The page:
The new Organic Law on Money Laundering and Crime Financing Prevention, Detection and Eradication1 has brought about important changes with respect to the institutional regime on money laundering and terrorism financing.  The National Council against Money Laundering (the "Council") has been substituted – as regulator – with the Monetary and Financial Regulation and Policy Board (the "Board"), which has been given powers somehow different from those of its predecessor, and the Financial Analysis Unit, now designated as the Financial and Economic Analysis Unit ("UAFE"), has greater autonomy and new powers.

The Board will be the highest body to control, supervise and regulate matters relating to money laundering and terrorism financing. The Board includes the Ministers for Economic Policy, Production, and Public Finances, the head for State Planning, and a delegate from the President of the Republic. Therefore, it is expected that the new money laundering prevention and terrorism financing policies will be more coherent with the State's economic-financial policy. Regarding its functions, the Board plays a less administrative role than the Council.  For instance, the Board does not represent the State on international organizations under instruments executed for those matters.

From an administrative standpoint, UAFE has greater autonomy (the Law states that it has operational, administrative and financial autonomy) although it is attached to the Ministry for Economic Policy Coordination. Most importantly, once the Law was enacted, UAFE is able to designate new obliged parties other than those established in the norm, and must appear as a litigant in criminal proceedings regarding these matters or originating from reports of unusual and unjustified operations.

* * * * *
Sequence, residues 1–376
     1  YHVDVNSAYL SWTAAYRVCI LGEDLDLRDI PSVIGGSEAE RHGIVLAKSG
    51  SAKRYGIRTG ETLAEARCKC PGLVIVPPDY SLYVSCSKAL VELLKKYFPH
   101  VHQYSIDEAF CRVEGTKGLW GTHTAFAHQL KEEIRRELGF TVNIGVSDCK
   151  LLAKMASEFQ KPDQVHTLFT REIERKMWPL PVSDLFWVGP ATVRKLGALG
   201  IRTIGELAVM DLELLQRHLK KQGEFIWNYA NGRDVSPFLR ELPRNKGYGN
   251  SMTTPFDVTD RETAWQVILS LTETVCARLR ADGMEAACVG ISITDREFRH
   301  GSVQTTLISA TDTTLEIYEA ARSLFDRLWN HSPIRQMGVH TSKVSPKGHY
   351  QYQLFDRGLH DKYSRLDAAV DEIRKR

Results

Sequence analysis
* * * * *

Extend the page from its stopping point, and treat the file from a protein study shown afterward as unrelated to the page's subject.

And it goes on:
Finally, the following are among the most relevant operational changes:

  1. The report on unusual and unjustified operations must be delivered within four days instead of two days (Article 4).
  2. In the event of an extension to answer specific requirements, three days are allowed instead of fifteen days (Article 6).
  3. Changes in the punishable regime and in appeals (Articles 21-24).
  • Minimum and maximum fines were cut down from $500 to one basic salary, and from $20,000 to 30 basic salaries (currently $ 9,600 approximately).
  • The Financial and Economic Unit will impose fines that can be challenged before its Director.
  • Appeals and extraordinary recourses will be resolved by each applicable regulator and, if no applicable regulator exists, by UAFE itself which will impose a temporary or definitive suspension, as the case may be.
  • Notices of infringements and communications are to be delivered through the e-mail only.


1 Published in Official Register Supplement No. 802 dated July 21, 2016.

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